We caught up with the coach who discovered Tumi Sekhukhune, the Proteas Women’s new rising star.
After chatting to the 19-year-old medium pacer – who humbly revealed her surprise over her national call-up – SACricketmag.com got in touch with Gift Xaka, to ask him about how he discovered the young women’s player.
What was it about Tumi that stood out to you?
Tumi is an athlete and when I first saw her I said to myself ‘we have an athlete here’ and let us combine that with cricket and see what can be the results. She is one player that never relied on her talent; hard work and talent combined did the wonders for her progress. She is one player that likes to be challenged and she is not afraid of being out of her comfort zone.
Were you surprised when she received her national call-up?
I was not surprised – I knew it was coming because she has been working hard and wanted to represent her country. When she was in the SA U19 girls side and immediately went to the National Academy, I knew then that the coaches at that level were preparing her for greater things. She was destined for it. I could see the hunger in her eyes the day I first saw her – she will wear that jersey with pride. I think I was more excited than her.
‘I was told not to field her as she was still very young and should I do that there would be serious consequences. I took a risk and told her that I believe in her and she must go and do what she does best.’ – Gift Xaka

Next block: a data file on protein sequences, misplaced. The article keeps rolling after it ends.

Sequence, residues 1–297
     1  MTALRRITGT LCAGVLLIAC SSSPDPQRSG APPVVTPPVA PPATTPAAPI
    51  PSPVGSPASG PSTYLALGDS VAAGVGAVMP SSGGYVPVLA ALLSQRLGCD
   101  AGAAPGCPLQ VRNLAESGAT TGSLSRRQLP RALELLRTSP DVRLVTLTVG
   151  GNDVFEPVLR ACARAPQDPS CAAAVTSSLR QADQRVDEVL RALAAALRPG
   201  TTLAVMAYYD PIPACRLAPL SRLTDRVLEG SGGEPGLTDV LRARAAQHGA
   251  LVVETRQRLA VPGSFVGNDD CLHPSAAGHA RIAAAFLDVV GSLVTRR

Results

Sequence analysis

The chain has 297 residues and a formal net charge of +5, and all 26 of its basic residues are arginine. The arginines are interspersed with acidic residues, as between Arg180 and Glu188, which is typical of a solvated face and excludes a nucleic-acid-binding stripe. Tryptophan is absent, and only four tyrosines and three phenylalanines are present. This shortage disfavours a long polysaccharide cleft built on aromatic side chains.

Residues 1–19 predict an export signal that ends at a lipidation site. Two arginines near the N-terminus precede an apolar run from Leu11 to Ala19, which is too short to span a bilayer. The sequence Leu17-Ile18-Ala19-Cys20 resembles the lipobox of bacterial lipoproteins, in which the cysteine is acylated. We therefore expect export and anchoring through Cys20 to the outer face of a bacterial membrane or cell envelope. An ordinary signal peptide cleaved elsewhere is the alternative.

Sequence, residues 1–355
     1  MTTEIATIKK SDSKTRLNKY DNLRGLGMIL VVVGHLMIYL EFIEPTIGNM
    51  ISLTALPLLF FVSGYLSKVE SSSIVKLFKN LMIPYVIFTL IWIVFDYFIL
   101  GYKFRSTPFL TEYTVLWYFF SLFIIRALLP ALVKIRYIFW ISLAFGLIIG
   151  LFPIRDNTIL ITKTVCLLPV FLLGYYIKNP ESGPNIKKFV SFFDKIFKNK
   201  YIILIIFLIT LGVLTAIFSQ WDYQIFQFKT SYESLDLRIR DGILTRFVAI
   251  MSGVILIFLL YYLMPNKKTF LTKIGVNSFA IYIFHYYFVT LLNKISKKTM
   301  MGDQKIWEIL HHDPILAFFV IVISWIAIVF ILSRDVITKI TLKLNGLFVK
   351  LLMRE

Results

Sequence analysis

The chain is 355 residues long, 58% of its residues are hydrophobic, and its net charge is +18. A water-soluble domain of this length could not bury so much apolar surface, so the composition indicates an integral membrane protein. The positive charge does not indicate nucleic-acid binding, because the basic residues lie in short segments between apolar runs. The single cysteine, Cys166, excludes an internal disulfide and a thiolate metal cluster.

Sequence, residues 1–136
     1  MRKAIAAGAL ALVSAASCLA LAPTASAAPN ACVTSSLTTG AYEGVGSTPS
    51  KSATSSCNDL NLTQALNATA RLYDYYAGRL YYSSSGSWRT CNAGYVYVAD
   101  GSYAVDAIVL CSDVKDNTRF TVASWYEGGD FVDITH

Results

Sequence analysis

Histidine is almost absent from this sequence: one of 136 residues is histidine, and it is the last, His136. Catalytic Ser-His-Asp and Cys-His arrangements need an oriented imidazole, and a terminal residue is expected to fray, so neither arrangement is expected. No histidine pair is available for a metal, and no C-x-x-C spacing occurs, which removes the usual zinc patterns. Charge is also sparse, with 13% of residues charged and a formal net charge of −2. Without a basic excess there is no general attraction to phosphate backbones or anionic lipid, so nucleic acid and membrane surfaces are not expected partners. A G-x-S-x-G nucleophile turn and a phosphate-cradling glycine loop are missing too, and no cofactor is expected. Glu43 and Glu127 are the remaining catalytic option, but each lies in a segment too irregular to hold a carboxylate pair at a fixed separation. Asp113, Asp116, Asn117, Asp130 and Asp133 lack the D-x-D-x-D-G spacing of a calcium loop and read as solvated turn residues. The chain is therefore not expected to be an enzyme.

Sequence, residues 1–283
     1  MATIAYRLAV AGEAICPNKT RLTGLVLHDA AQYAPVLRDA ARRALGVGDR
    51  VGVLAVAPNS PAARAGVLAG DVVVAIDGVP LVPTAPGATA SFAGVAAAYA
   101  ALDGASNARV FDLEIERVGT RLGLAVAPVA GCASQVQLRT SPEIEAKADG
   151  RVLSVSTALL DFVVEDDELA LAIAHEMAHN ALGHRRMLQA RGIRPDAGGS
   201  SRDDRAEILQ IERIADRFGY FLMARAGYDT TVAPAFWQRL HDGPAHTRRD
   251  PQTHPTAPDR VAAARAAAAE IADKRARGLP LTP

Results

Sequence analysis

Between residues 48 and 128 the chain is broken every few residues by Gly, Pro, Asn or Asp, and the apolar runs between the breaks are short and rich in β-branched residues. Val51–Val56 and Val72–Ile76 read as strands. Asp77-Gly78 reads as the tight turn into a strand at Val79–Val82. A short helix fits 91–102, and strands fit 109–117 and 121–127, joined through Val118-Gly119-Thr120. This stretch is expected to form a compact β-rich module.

Working with her at Easterns, what attributes stand out for you about her character?
She does not want to associate herself with failure. She reacts positively to pressure and that turns out to give her positive results every time pressure has been created. She likes it when the coaches challenge her and she is one player that will always challenge you as a coach so that she can improve. She has a champion mentality and her never-say-die attitude is always visible on and off the field of cricket.
What differentiates her from any other player you have worked with or seen play?
When she made her debut for Easterns, she was only 14 years old and, prior to her making her debut, I was told not to field her as she was still very young and should I do that there would be serious consequences. I took a risk and told her that I believe in her and she must go and do what she does best. Young Tumi in her baggy white clothes and All-Stars was ready to bowl her first over at provincial level. We played Gauteng at the main oval (Willowmore Park Stadium) that day, and her first provincial wicket was Crizelda Brits (the former national captain) caught at long-off. Seeing her jumping and celebrating the way she did, I knew that the risk I took by fielding her that day was worth it – and the star was born.
Could you shed some light on her upbringing?
Tumi played for a township called Daveyton with the boy’s age-group sides (U10, U12 and U14). She was the only girl among boys and that did not affect her at all. She was always in the company of her brothers when coming to cricket practices, which took place on a tennis court. She is from a family of cricketers (Kabelo Sekhukhune, SA U19, and Neo Sekhukhune, Easterns U17) and that played a huge role in her pursuing her cricket dream. I first met her when she was 13, turning 14, and at the time Daveyton Cricket did not know what to do with her because the boys were starting to be boys and for her to be in the company of the boys in the change room was not a comfortable situation at all. I took her under my wing and we had a very strong coach and player, father and daughter, trust and respect relationship. I ended up being her mentor and she knew that she can count on me outside cricket because I understand and can relate to her upbringing.
Photo: Johan Rynners/Gallo Images